Weekly Brief: Transportation Change is Happening in Fits-and-Starts

Cruise started charging for rides in its robo-taxis in San Francisco last week, marking the dawn of a new era for urban mobility for major US cities.

Anyone in San Francisco can now download the Cruise app and hail a ride in a robo-taxi with no driver or backup safety engineer onboard, only autonomous technology and a meter tracking how much money they will owe upon arriving at their destination. That’s a first for a top tier American city and a milestone that Cruise can claim, when many thought Waymo would claim it first.

The step is made possible by the first-ever Driverless Deployment Permit that Cruise received from the California Public Utilities Commission three weeks ago. Cruise can only charge for fully driverless rides between 10pm and 6am on certain streets, as it builds up a safety record and body of proof. Cruise plans to expand to daylight hours later this year assuming a stellar track record. For more on the lead up to this milestone moment, see my reporting here. Waymo is on track to receive the same permit within the year, and already has several years of experience under its belt running a commercial robo-taxi service in Phoenix, Arizona, which outnumbers San Francisco by population but lacks the economic and symbolic importance of the City by the Bay.

Meanwhile across the Atlantic Ocean, Mercedes-Benz inked its own piece of history last week when its Vision EQXX electric vehicle completed a 747-mile journey, marking the longest distance covered by an EV on a single charge. Previously the record belonged to the EQXX at 626 miles. The latest all-electric odyssey started in Stuttgart, Germany, in the midst of stop-and-go traffic and sweltering 86F heat – far from optimal conditions for maximizing an EV’s range. The Vision EQXX used a heat pump for cooling the cabin and proceeded for fourteen and a half hours, through the French region of Champagne, north to the seaside city of Calais and under the English Channel, before arriving at the Silverstone racetrack in the UK northeast of Oxford.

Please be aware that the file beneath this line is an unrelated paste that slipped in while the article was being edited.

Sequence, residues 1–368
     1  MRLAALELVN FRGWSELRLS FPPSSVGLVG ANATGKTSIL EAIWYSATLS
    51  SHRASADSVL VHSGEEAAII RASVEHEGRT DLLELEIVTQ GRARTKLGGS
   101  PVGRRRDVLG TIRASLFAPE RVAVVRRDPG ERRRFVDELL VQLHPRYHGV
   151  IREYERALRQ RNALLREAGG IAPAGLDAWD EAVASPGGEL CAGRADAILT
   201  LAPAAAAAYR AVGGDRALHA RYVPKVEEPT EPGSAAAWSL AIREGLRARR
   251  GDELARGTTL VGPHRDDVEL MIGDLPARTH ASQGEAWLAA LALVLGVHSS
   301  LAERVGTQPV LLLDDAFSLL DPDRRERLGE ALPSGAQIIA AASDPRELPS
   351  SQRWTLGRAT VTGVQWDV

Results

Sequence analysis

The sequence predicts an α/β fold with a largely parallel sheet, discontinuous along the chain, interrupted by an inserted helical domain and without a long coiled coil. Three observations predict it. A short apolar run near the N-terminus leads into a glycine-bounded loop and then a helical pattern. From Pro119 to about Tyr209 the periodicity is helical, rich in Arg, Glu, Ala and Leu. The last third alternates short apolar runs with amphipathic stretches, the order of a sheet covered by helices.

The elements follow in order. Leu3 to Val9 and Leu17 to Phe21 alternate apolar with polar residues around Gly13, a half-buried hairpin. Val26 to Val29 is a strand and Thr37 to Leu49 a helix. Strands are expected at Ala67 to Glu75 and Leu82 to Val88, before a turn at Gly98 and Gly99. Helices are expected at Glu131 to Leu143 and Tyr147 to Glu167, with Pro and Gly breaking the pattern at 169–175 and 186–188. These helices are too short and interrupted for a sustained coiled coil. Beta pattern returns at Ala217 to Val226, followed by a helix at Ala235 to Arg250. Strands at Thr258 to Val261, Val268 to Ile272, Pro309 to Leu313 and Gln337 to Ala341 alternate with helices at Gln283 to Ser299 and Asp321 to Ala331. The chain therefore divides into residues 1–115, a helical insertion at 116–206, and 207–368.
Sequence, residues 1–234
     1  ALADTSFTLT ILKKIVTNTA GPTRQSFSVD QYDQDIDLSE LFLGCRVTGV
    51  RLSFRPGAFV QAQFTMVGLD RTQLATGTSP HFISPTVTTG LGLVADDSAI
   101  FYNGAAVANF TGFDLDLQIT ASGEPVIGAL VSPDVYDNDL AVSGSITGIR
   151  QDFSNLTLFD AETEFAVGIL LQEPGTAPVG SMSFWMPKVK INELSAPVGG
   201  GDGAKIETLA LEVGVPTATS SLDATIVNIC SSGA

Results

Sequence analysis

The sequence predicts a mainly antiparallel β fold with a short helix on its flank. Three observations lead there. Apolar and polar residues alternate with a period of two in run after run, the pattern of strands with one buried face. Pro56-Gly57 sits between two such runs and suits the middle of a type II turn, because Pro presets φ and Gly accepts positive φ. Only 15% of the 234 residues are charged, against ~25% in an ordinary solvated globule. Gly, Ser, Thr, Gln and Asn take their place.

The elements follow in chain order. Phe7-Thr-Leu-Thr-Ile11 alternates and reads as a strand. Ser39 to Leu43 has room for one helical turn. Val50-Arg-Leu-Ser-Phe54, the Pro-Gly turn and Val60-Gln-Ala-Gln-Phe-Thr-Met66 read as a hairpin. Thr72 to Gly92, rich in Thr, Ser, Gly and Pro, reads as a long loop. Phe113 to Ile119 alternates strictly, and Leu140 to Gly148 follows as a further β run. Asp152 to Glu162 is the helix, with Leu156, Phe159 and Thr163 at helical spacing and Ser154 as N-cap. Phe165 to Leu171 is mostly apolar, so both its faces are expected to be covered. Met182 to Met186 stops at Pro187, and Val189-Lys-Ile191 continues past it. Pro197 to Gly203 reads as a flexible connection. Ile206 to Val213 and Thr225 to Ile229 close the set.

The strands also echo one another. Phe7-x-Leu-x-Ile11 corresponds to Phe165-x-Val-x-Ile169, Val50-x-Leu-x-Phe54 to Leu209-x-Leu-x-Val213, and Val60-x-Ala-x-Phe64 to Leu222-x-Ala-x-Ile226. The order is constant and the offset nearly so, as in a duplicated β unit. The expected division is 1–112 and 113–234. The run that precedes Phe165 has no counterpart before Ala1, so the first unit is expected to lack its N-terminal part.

The vehicle still hadn’t depleted its battery, so it hopped onto the race track and completed 11 laps before finally rolling into the pit completely wiped of charge. The EQXX proceeded to participate in the Goodwood Festival of Speed over the weekend, where it ran alongside other iconic race cars up the famous hill. Included in the pack was another impressive EV, the Polestar 5. Paul Myles has the details. Mercedes doesn’t plan to bring the EQXX to market in its current form but many of the technologies that optimize the vehicle’s range and efficiency are headed into other EVs across the Mercedes lineup in the coming years.

Taken side by side, Cruise’s robo-taxi launch and Mercedes’ EV range record make it feel like we’re racing toward a new paradigm of transportation in which taxis drive themselves and cars are safer and more environmentally friendly and help save people time and money.

Whether robo-taxis are actually safer, as Cruise, Waymo and other tech companies and approving politicians like to claim, remains to be seen. Likewise, whether carmakers can introduce EVs for the masses that travel long distances on single charges, minimizing pollution and saving people money in the era of exorbitant gas prices, also remains to be seen. Mercedes recently announced that it plans to reassert its identity as a brand for the rich. Tesla EVs have undergone two price hikes this year, going up on average more than $5,000. The average EV price is now above $60,000 – if you can find one for sale at a dealership, which is a long shot given production delays across the industry. A new paradigm may be approaching but it’s a story of fits-and-starts.

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